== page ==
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You’re not really looking for a job, but you stumble across something too good to pass up, but your resume is a mess. Ideally you’d re-write your resume or have it re-written for you, but what if there is a deadline on applications for the job? What can you do in this impossible circumstance?
The solution is to use an Executive Briefing that instantly updates your resume without having to re-write it. The Executive Briefing is a special type of cover letter that quickly matches your skills to the target job, helping the employer focus on what you have to offer. The only requirement is that you know some of the job requirements.
Keep it Simple
Like many great ideas, the Executive Briefing is beautiful in its simplicity. It is a cover letter/email, with the company’s requirements for the job listed on the left side, and your skills – matching point-by-point the company’s needs, on the right side of the page. You can use tabs to make the two columns.
In the following example, notice
- The email address Topaccountant@gmail.com.
With a little thought you can make an email address speak to your skills. While the above example is almost certainly in use, you can use identifiers like your Zip Code: Accountant32202@gmail.com or area code: email@example.com, both tell a recruiter or hiring manager that you are competent, local, and looking.
- The Subject line identifies the employer’s job title and job identifier.
This information, when available (as in the example below) is a must. Now also notice that this subject line adds primary information about relevant skills. Most emails will show 35 characters before opening the email and upwards of 60 when once open; so this is good promotional space and can capture your most relevant skills, making your email address and the subject line a very abbreviated and very focused resume in itself.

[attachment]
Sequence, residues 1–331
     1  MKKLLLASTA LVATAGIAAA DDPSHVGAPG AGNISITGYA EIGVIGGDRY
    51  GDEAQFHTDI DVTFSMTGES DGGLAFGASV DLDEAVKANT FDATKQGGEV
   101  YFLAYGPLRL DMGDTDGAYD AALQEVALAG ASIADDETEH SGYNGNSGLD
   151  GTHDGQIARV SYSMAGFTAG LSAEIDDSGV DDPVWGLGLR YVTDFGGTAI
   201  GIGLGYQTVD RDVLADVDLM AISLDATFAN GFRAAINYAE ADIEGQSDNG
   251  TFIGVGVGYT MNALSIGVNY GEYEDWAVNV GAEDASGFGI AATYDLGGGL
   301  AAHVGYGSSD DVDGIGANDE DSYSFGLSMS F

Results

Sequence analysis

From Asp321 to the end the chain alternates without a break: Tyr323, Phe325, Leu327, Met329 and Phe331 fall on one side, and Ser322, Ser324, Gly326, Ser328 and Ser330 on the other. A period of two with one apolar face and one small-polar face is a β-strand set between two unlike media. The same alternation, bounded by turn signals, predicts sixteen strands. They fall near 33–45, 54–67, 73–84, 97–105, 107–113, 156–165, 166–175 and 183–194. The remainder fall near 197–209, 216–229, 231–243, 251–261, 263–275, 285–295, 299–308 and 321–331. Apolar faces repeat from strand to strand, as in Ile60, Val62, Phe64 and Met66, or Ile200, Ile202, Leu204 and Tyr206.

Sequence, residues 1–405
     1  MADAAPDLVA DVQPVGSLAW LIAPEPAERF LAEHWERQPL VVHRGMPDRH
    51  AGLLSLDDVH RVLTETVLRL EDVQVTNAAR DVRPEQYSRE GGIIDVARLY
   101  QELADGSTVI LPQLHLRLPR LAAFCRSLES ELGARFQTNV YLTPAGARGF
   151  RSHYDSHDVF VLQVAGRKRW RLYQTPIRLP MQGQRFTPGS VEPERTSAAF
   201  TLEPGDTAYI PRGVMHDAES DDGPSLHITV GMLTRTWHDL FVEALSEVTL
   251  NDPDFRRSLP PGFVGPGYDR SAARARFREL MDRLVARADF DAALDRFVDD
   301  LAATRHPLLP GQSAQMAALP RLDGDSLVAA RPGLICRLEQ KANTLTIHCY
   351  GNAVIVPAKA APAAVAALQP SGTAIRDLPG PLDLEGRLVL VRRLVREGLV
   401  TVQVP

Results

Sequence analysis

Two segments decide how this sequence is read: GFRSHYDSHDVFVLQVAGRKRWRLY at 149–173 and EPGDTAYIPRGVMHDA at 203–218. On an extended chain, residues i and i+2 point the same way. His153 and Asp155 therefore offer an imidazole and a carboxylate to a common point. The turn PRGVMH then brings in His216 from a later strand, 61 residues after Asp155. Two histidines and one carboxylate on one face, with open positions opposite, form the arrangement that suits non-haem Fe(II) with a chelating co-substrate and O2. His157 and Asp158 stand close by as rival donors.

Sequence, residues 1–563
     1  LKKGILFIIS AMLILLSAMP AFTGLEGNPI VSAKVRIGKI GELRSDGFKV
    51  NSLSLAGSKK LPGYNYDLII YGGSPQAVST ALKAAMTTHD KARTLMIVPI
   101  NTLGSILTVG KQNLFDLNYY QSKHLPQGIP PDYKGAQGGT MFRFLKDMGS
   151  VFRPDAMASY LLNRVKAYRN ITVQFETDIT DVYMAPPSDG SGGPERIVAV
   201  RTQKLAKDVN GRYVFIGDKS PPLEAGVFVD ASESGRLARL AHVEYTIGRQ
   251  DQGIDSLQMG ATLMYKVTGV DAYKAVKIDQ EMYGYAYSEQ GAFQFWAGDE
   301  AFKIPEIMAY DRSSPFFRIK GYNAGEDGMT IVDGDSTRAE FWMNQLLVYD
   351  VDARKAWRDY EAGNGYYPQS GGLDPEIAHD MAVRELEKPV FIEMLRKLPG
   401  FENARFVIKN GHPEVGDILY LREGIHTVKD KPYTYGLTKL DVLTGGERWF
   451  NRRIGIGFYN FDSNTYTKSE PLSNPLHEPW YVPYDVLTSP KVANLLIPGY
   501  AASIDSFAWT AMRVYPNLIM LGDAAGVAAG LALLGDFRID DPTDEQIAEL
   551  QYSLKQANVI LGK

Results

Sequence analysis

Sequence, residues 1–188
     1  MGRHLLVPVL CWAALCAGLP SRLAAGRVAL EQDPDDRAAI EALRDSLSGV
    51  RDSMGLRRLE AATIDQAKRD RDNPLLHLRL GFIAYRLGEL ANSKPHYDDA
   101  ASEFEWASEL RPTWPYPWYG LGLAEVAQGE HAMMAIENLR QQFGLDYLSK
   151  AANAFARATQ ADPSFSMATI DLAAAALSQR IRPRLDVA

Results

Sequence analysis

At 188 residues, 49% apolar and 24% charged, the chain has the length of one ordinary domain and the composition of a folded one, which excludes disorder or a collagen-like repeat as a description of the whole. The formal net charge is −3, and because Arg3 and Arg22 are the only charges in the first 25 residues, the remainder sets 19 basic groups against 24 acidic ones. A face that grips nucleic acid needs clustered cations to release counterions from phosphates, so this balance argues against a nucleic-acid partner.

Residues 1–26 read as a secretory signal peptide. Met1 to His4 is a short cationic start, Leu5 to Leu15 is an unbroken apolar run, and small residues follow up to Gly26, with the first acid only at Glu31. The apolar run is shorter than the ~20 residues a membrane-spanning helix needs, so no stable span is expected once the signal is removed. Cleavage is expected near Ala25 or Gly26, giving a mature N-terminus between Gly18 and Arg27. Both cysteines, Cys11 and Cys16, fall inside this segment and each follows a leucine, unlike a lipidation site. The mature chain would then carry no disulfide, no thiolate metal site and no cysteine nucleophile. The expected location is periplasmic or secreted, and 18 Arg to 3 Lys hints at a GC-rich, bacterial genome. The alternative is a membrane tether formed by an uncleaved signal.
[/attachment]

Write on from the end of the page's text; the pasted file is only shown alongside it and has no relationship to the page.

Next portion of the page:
Notice how you can use an Executive Briefing to tie current skills to existing needs, before an employer even sees your resume.
It works for hiring managers and for overworked recruiters who may not recall that specific job.
This cover letter format helps any harried recruiter pick you out of the slush pile by showing:
- Here’s the name of the job we need to fill.
- Here are our requirements.
- Here are the candidate’s qualifying skills.
An Executive Briefing works, because it’s a fast easy-to-read snapshot that details exactly how you can help with current needs — everyone appreciates that, plus your ability to match needs with skills will act as an effective introduction to your resume and help overcome its shortcomings.
How Executive Briefing Cover Letters work:
Date: November 14th, 2015 10:05:44 PM EST
Re: Accounting Manager #4356: 8 Yrs exp, A/R, A/P, P&L’s, Audits
Dear Ms. Yate:
I am an experienced accountant responding to your recent posting for a Senior Accountant (Job #4356) on Indeed.com. Please allow me to highlight my skills as they relate to your stated requirements:
Your Requirements My Experience
Accounting Degree, 7 Years experience B.S. Accounting, 8 years’ experience
A/R, A/P, P&L, Internal audits Experience with A/R, A/P, P/L Internal audits ranges from 5/8 years
Strong Excel experience Manage 2,000 clients on Excel database
Good communication skills Reduced 30 day+ A/R by 27% with excellent client retention
I’m excited by this opportunity, and you’ll find the attached resume will flesh out my general background. I hope this executive briefing helps you use your time effectively today. I am ready, able, and eager to talk soon.
The Bottom Line
An Executive Briefing can enhance a great resume and can save the day when you have not had time to update your resume. But having said that, I don’t ever recommend that you let your resume get out of date. It is your primary marketing tool and the most financially important document you will ever own. You need to keep your resume current because you never know exactly when you’ll suddenly need to go into job search mode. Can I help you write your new resume?
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